Part I - Living Off The fat Of The Land
I've just spent five weeks on the US East Coast. The first three weeks were a family vacation spent mostly at my wife's aunt's house, which had small, decent cellar - for a beginner. The following wines looked like the most interesting to me.
Domaine Brintet, Bourgogne Blanc, 2005
Brintet is a Cote Challonaise producer whose 2002 village Mercurey I'd enjoyed a few years ago so it seemed like an interesting choice when my wife's aunt asked me to choose a white wine for dinner. It turned out to be a nice enough wine but not one that exceeds its humble origins. It's flinty and lime-y on both nose and palate but doesn't have a lot of length, stuffing or breadth of flavors. But it's dry and savoury and doesn't try to flatter even the slightest bit. Placing it to next to, say, Jobard's Bourgogne would put the Brintet to shame but it will kick ass out of a lot of 20 dollar New World Chardonnays. (Jul. 14, 2008)
Albert Boxler, Edelzwicker, 2002
The Alsace version of a whodunnit. Edelzwicker is a blend of the Alsace varietals though only the winemaker would know what went into it. My amateur verdict is, it smells and tastes like a Riesling-Pinot Gris/Blanc blend, with the Riesling lending red/baked apples and dill aromas and the Pinots a certain saline spiciness. And there's a certain mineraliness that is not quite variety-specific. Not very long nor complex but still quite tasty, though I have my doubts that it will hold for much longer. (Jul. 18, 2008)
Louis Jadot, Macon-Villages, 2006
Drunk for that quinessential reason, food accompaniment, the tasting note written to keep in shape. It's the Saturday Morning Cartoon version of Bourgogne: apples and white fruits, sprinkled with flint, clobbered with oak. (Jul. 21, 2008)
Part II - Digging Into My Stash
The second part of my trip was spent alone in northern Virgina on business while my wife and kids travelled to the West Coast. The wines were much better as I had been shopping for myself. Some were wines I had bought for short term cellaring anyway and opened all by my lonesome because, well, I had to drink something. Others were opened for decision-making purposes. All of these wines cost about 40 USD.
Auguste Clape, Cornas, 2000
This a teenaged quarterback wine, muscular with vague hints of possible finesse, yet raw and unpolished at present. Black fruit and leather on both nose and palate, with a sort of gentle spiciness, long and powerful on the palate, all somehow reined in by Old World classicism. Sounds good so far but on the down side, it's just a tad too sweet and lacks a bit of concentration (as opposed to power) to be really great. Though - and here I am flip-flopping again - that sweetness calms down in time, and I think that I would temper most of my reservations were I to match this wine with a good steak. I also think that sweetness is a matter of age and if I'd had more room in my luggage and if I truly trusted the bottle's condition (this wine has been on the shelves of the store I bought it from for at least three years) I'd cellar it for three-four more years. (Jul. 27, 2008)
Leo Alzinger, Wachau, Loibenberg, Riesling Smaragd, 2004
Some lists have Alzinger at the top tier of Austrian winemakers. I asked around and it's not a unanimous opinion. But this wine smells and tastes like a young, top-rung Pfaltz Grand Cru. Or maybe Nahe. So I'd say Alzinger is pretty good.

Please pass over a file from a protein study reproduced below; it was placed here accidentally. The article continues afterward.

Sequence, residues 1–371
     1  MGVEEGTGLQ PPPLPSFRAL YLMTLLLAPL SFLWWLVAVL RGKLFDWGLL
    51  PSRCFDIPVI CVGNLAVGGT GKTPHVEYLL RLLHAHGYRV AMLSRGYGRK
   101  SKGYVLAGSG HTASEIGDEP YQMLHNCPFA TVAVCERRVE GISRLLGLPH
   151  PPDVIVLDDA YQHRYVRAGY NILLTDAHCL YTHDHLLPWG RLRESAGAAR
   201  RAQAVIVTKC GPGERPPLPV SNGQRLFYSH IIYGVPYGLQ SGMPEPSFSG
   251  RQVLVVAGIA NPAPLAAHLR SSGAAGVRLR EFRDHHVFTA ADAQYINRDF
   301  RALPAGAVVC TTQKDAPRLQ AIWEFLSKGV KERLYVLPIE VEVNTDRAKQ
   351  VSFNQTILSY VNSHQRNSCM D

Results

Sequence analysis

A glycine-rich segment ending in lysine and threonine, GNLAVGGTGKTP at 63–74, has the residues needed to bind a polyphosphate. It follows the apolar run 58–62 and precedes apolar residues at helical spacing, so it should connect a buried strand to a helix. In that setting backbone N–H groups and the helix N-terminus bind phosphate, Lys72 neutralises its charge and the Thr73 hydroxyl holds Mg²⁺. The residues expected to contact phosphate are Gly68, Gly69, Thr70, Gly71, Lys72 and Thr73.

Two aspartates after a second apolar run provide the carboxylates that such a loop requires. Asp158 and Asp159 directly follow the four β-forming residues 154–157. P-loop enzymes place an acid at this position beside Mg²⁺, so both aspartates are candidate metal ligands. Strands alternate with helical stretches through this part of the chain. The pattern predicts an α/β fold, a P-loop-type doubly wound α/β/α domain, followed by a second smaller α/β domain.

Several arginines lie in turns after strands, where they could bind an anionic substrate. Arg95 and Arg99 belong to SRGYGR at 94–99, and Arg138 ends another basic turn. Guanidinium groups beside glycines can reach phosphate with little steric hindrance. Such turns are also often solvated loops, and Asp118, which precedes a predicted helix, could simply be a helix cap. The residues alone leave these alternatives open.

On to the wine itself. The aromas spell 'class'. Granny apples, with a hint of of peaches, overlayed with pungent minerals and sweet dough, all painted in aristocratic strokes. The palate is very balanced, crisp, long, and echoes the aromas, playing a note of sweetness, the whole package getting a gentle shove from the acidity on the finish to give it extra length. I don't usually score, as readers might well know, but at a tasting, I'd give it a 93 if only to see whether anyone bites. Needs three-five years. (Jul. 31, 2008)
Muga, Rioja Gran Reserva, Prado Enea, 1998
Muga is one of the three classic Rioja Bodegas, along with Ygay and La Rioja Alta. 1998 is not considered as great in Rioja as 1994 and 1995 (or even 1996) but this is surely no blemish on the Muga name. The nose is fully realized, fresh and vibrant, with crushed raspberries, tobacco leaves, old leather and an exotic spiciness. What seems like a small hole in mid-palate fills up after a while and then you notice the fruit and acidity locked in such a balanced embrace that neither dominates. Though it caresses on the attack and mid-palate, the fine tannins are as yet rusty on the long finish. (Aug. 2, 2008)
The Prado Enea used to be imported to Israel. I'm not sure whether the 1998 is available locally, though.
Remizieres, Crozes-Hermitage, Cuvee Christophe, 2004
I don't run across a Crozes too often and this was probably only the fourth I've had over the last five years. I'd bought the producer's 1999 Hermitage on this trip because of Parker's rave review and wanted to get a taste of the Remizieres style.
This is, on the one hand, a very backwards wine, very tight and oaky. On the other hand, there is a promise of some elegance lurking in its depths. It never really opened much over two hours but what it did show beneath the oak were red berries as well as a dusty minerality on both nose and palate. The acidity is there but not very obvious until it gives a gentle shove on the finish. I'd wait at least three-four years were I to cellar it but I'm not very certain whether it will eventually be a wine I'd really like. But it is a good wine and that saline minerality appeals to me. (Aug. 7, 2008)